— Frame Magazine —

Fiandre takes a collaborative approach for the launch of FAB Architectural Bureau Berlin

Three workshops, 16 architectural firms and one year are what it took to transform a room inside a former chocolate factory in Berlin’s vibrant Kreuzberg district to become the home to the FAB Architectural Bureau Berlin, a multi-purpose exhibition format initiated by Italian porcelain tile brand Fiandre. Apart from creating an area for innovative ceramic products, FAB – which already has locations in Milan and Castellarano – is meant to be a ‘platform for cultural dissemination, promoting initiatives where the central theme of architecture is tackled via an interdisciplinary approach.’

Led by architect Volker Halbach of local firm blauraum and curator Sally Below, the hand-picked group of creatives – all hailing from Germany – was divided into three teams and successively worked on the design of the space. ‘We let them be very free,’ says Fiandre´s chief executive officer CEO Federica Minozzi. ‘Apart from the themes for the workshops, we didn’t give them any specific directions. We didn’t even tell them which products to use.’ And that’s exactly what made this process so unique and unusual, according to Halbach and Below, even for the architects involved.


At the opening – which coincided with the Day of Architecture 2016 – we sat down with Volker Halbach to discuss the project’s approach and outcome.

Why did choose to take such a collaborative approach?
VOLKER HALBACH: First we were asked as blauraum to help curate and build up a FAB gallery here in Berlin. Our first thought was if you decide as Fiandre to go to Berlin, the capital of Germany, maybe it’s better for the communication of the company to make a story out of it. A ‘making of’, like a movie. So we convinced Fiandre that working with different architects, with different skills, in three workshops with, again, different topics, would make for an exciting project with a story to tell.

That was the idea and Fiandre said: ‘OK, let’s try it!’ That involves a lot of trust because you don’t know what the results will be. We are lucky that after one year this is the result. It’s all about communication, it’s about bringing people together.

How did the selection process of the architects go?
We started first with a selection of the topics of the workshops: light structures, interactive surfaces and flexible surfaces. Then we looked at what is already in the German market since after all, Fiandre wanted to go to Germany. We started to bring architects from all over Germany to Berlin, all with their own specialities. Each group would have one local architect, while the rest were from outside of the city. The also needed to match of course, be able to work together, but that turned out great.

How can we find the different topics – the different layers – back in the final space?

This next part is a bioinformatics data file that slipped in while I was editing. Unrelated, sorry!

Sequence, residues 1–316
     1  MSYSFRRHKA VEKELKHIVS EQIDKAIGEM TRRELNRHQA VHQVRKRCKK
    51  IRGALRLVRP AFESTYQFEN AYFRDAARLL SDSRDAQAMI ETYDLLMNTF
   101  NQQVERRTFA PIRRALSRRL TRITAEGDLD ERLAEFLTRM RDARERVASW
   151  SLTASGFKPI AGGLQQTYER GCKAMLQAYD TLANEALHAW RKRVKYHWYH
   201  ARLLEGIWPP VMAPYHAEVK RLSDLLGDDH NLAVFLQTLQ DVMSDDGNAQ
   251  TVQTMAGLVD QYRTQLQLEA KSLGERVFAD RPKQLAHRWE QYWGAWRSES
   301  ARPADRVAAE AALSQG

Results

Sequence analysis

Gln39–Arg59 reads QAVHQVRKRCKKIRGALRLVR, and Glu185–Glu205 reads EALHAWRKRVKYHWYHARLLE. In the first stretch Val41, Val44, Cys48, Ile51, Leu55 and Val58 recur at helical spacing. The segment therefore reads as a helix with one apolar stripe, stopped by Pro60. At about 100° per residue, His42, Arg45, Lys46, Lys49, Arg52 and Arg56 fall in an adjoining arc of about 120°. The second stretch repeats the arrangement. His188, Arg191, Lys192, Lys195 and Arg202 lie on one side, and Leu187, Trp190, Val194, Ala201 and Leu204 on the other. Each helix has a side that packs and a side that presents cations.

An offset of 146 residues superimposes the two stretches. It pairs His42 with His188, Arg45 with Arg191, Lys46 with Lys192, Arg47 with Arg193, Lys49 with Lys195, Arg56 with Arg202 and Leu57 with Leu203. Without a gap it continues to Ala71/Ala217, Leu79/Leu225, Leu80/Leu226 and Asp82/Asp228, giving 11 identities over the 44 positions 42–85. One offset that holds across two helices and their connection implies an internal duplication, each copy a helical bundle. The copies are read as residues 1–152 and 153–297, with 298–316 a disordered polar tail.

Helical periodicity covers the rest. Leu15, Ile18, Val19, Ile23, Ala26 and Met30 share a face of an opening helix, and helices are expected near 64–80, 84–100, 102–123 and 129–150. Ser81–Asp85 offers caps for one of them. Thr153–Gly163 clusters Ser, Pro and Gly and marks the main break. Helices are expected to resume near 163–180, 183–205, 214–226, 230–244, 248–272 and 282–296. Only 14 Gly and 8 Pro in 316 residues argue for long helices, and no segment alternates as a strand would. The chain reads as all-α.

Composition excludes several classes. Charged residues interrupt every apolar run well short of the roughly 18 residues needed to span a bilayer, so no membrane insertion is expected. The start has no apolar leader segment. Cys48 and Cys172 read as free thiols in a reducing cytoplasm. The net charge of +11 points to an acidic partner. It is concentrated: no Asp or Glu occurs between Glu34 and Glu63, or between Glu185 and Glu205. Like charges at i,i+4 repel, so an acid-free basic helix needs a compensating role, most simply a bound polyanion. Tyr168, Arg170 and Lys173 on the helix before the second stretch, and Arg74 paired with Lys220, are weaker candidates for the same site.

Starting with the most recently added layer, the flexible surfaces – the curtains – now function as surfaces for projections. The outcome of the second workshop, with the topic of interactive surfaces, are the different beamers and the sounds you hear. This group had to work with the first layer, which is the multifunctional structure made from white stoneware that integrates itself in the room like a magic carpet. The whole project was similar to a relay race. I’ve identified these layers but without this explanation, it might be difficult to see the separate contributions of the different project groups.

Fiandre lets you be very free in the material selection. Why in the end were these materials chosen?
To be honest, this was one thing that was out of my hands. It was really up to the groups. In each workshop we had Fiandre’s input, so they explained the properties of their materials and how they were produced. The first group already used the Fiandre tiles because they were surprised about the material’s range of possibility. They made this kind of folded structure with it.

At the opening there was an exhibition in the space. Can you tell a bit more about that?
The projections show the works of the architects that contributed to the project. They invested their time, so we wanted to use this moment to give them a platform. There is also a making of video on show. At the end of the space, you can continue on to a next room which functions as a Fiandre showroom. There is a ‘magic cube’ inside, showing the company’s various architectural surfaces.

How do you envision the space to evolve from here forward?
As a gallery space for people living in Berlin. We are working on an event schedule which will focus on movies and architecture.

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Photos Felix Löchner Architekturfotografie, courtesy of Fiandre Architectural Surfaces

Project info
Project initiator
Fiandre Architectural Surfaces
Contributors Ruth Berktold,Yes Architecture, München; Nils Buschmann, RobertNeun Architekten, Berlin; Laura Fogarasi-Ludloff, Ludloff + Ludloff Architekten, Berlin; Yoraco González, Serein Konzeptkunst und Mikroarkitektur, Berlin; Ludwig Heimbach, ludwig heimbach architektur, Berlin; Eva Maria Lang, Knerer und Lang Architekten, Dresden/Munich; Sylvia Leydecker, 100% interior, Cologne; Chris Middleton, KINZO, Berlin; Claudia Meixner, Meixner Schlüter Wendt Architekten, Frankfurt/Main; Ritz Ritzer, bogevischs buero, Munich; Christiane Sauer, Formade / Lüling Sauer Architekten, Berlin; Jan Theissen, AMUNT, Aachen/Stuttgart; Petra Vondenhof-Anderhalten, Anderhalten Architekten, Berlin; Detlef Weitz, chezweitz Szenografie, Berlin, and Carsten Wiewiorra, wiewiorra hopp schwark architekten, Berlin.